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The original German article is here
BZ Oct. 27, 1998 Kowalski, der Sirenemann (PDF)

Kowalski, the Siren man1)*
BZ discusses with the countertenor, who sings his 100th "Orfeo ed Eurydice" today at the Komische Oper

To the 100th times. Kowalski, 44, will sing as Orfeo at the Komische Oper this evening with his bell-bright voice that has made him famous. From a butcher's son in Wachow, Brandenburg, to a star at the MET in New York, he has an unusual career. He kept his boy's voice after the puberty vocal change. It is neither the result of castration, nor he attains it by the "falsetto", i.e. by the training of the vocal cords. According to Kowalski, meningitis which he has contracted at age of eleven, is the reason for the celestially beautiful voice. The illness prevented the laryngeal growth, so that his vocal cord can swing only at the edge 2). "A type of defect", says Kowalski. A defect, that made him a world star: As the most famous countertenor of Germany, he has been singing Gluck's " Orfeo ed Eurydice" for last 11 years. BZ reporter Benjamin Blumenberg met Kowalski at the Unter den Linden.

BB: You are just as much in demand in Japan as in the MET or in the Covent Garden in London. Was it a long way to a fame?

JK: Everything began with a crib play. There I sang for the first time, discovered my voice. Now I play "Die Fledermaus" for the MET on 24th December. That is very amusing.

BB: You never grew out of your boy's voice. What was the reaction of your surroundings at that time?

JK: For that, it was quite normal. It could only affect me in such a way.

BB: Are you a countertenor, alto or castrato singer?

JK: They are all the same to me. In the past, I got excited about the different notations placed on me. These days I no longer get angry so fast.

BB: Would you also sing a female role?

JK: Never. Women know it much better. I often get offers. In the musical "Chicago" I ought to sing a female role. But I do not like women in male roles either.

BB: Hundred times of "Orfeo ed Eurydice" - was that actually different each time?

JK: Naturally. Hundred times - that is unique in the opera history. It is my dream role and it is a part of my destiny. It is something worthwhile to live for - by itself, in order to sing.

BB: Does it ever get tedious for you to appearing on the stage?

JK: Not at all. It is always a tremendous stimulation. And it was a major international success. There were surprises again and again.

BB: For example?

JK: Our appearance in Jerusalem. When my guitar slipped out of my hand, it hit the stage floor and landed on a neck of the violin of the concert master. The violin costs 100,000 Marks. And this violin was broken.

BB: You sang with Joan Sutherland and Pavarotti. Were you excited?

JK: I met the two during the performance of the "Fledermaus" at Covent Garden in London. They were marvellous. But the requirement for them was also high because they themselves achieved so much. That last to the bitter end.

BB: In the "FAZ" someone writes about you: "He gives a visionary aura and the spiritual charisma in his singing."

JK: Can you translate that for me? I cannot begin anything with that. I would like to sing for simple human beings. As an audience, I like films much better than opera. I have over 1000 films at home and I never find the ones I'm looking for.

BB: By singing as Orfeo for 100 times, will your private life be faded?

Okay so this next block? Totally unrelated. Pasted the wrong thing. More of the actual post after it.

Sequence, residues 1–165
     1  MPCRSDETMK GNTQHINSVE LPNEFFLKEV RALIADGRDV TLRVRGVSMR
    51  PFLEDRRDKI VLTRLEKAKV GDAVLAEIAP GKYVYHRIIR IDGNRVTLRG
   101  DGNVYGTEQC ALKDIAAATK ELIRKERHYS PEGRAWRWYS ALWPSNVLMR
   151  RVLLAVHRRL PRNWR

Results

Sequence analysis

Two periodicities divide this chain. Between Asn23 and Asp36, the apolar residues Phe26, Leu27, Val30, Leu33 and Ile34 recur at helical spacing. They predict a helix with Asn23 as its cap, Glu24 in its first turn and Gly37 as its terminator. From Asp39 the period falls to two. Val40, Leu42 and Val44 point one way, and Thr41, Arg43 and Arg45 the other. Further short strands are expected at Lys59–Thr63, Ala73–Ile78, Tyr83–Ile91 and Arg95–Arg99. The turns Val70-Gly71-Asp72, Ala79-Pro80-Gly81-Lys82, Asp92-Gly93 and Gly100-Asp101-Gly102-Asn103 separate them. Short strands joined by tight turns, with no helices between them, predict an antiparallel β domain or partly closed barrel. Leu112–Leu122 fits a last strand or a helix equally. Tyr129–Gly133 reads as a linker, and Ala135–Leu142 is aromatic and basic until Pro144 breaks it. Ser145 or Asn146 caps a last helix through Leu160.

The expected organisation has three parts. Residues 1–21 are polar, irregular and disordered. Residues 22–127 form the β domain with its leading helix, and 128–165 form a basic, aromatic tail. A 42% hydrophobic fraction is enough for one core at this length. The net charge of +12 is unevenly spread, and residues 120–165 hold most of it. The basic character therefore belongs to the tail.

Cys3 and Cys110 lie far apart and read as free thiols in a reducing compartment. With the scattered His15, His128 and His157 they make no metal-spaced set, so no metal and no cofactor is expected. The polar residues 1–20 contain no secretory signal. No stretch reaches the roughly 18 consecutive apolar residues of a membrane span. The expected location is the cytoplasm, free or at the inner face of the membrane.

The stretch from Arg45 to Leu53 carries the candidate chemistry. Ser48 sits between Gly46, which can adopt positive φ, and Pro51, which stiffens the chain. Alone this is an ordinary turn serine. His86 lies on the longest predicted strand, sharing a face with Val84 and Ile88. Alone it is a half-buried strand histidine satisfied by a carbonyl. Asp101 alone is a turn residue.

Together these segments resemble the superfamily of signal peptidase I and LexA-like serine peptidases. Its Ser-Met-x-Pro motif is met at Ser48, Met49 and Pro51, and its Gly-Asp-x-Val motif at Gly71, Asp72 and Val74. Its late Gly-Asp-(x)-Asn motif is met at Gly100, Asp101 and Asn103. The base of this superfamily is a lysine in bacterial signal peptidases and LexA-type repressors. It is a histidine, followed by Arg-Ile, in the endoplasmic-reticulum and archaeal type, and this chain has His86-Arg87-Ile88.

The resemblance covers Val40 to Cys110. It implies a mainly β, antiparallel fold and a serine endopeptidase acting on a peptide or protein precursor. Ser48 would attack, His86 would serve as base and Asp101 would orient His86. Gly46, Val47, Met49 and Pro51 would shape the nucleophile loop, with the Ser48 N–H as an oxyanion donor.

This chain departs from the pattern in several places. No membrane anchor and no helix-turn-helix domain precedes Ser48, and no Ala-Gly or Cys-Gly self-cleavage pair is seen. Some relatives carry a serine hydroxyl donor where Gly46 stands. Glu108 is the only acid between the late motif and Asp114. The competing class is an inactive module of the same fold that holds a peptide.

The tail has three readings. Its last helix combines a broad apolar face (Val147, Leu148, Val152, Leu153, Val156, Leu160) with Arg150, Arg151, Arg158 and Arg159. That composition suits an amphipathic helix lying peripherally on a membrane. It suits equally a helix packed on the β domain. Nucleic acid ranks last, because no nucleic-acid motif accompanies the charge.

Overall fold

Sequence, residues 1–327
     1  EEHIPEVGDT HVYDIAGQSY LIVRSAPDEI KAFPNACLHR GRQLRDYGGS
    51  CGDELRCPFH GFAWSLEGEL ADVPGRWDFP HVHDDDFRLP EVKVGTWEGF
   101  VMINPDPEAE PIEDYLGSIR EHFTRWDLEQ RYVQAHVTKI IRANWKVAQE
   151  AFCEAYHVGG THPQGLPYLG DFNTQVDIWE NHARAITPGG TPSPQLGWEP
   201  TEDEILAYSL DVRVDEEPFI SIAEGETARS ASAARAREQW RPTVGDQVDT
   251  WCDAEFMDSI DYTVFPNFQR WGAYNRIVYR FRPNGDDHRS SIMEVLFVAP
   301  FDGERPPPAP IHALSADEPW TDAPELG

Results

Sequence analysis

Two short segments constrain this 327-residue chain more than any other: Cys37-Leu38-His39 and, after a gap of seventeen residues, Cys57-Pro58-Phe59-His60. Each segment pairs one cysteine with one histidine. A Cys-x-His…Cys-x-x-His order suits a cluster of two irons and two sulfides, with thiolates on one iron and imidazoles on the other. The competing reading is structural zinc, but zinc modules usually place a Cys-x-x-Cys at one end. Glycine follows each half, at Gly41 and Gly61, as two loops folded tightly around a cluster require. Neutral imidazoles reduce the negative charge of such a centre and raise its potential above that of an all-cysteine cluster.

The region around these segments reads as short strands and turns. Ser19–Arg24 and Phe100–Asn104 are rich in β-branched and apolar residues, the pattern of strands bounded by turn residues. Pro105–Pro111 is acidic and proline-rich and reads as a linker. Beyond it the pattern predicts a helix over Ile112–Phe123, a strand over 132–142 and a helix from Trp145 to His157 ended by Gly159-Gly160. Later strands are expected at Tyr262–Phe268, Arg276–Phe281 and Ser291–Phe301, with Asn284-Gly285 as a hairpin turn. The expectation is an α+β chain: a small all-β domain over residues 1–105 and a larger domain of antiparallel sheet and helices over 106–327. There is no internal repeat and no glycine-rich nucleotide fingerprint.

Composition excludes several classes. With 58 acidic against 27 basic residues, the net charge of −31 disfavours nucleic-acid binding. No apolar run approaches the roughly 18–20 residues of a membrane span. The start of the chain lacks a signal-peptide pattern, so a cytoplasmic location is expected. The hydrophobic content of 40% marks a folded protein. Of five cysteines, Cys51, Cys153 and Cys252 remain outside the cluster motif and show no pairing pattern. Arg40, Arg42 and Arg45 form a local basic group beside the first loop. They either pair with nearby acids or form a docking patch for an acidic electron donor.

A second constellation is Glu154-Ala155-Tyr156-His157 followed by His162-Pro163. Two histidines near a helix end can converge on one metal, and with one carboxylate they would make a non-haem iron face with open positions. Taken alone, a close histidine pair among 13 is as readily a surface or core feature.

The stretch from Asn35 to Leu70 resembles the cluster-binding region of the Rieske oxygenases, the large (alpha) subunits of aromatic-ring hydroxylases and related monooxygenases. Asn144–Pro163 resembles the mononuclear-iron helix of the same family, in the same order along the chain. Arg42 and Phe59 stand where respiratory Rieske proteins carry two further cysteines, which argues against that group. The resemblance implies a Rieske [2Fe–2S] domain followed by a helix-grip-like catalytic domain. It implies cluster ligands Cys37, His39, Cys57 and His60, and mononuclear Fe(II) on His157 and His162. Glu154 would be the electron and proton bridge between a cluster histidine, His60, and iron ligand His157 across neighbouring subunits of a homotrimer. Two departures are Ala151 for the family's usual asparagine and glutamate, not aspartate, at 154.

JK: One must separate occupation and private, otherwise one goes insane. After the play, I remove my make-up and I am again Jochen Kowalski, a quite normal human being.

BB: And how does a day in the life of this quite normal human being look like?

JK: Unspectacular. I take a bath every morning, drive to the rehearsal and meet my friends.

BB: MET went crazy after you.

JK: For that I am very grateful. Aside from myself, the only artist from Brandenburg who went to the MET was Lotte Lehmann from Perleberg. When I was at the MET, I saw an oil painting of her portrait hanging on the wall. I said to her: Help me, Lotti. And so she did.

The following article appears in PDF file only
Culture history of the high male voice -- From castrato to laryngeal defect
The first Eunuch sang 1137 in Smolensk. Castrato comes from castrare (lat. cuts). In the Middle Ages, the testicles of the young boys were removed before the puberty vocal change in order to protect the voice from break. Thereby they keep their boy's voice while the lung strength increases. Reason for this mutilation: Women were not allowed to sing in the church and boys were to replace their high voices. Specialists for the castration were trained until the church forbade the castration in 1587. Dr. Karsten Nubel, 35, is a specialist for laryngeal problems at the Benjamin Franklin University Clinic. He explains the castrate phenomenon: "the larynx makes an enormous growth thrust for men. As is the case for the piano, where the tone becomes deeper with a length of the string, the voice becomes deeper with an increasing laryngeal size. In castratos, this growth thrust from a hormonal reason is missing. Their larynx is feminine. "Is it possible to replace castrato? Dr. Nubel laughs. "In no case. At best, countertenors train their voice and use it consciously."

The Singer's Larynx
The larynx thus produces sounds: The glottis closes and the air is pressed down by the vocal cords. For Kowalski, the vocal cords are underdeveloped.

Caption for photo
Kowalski strolls about Unter den Linden.
As Orfeo at the Komische Oper
photo: Koester, Lagenpusch

Translator's Note

1) For the detailed explanation for Sirene, please see see this page.

2) Some critics claim that it should also be categorized as falsetto.
© 1999 by Cleofide
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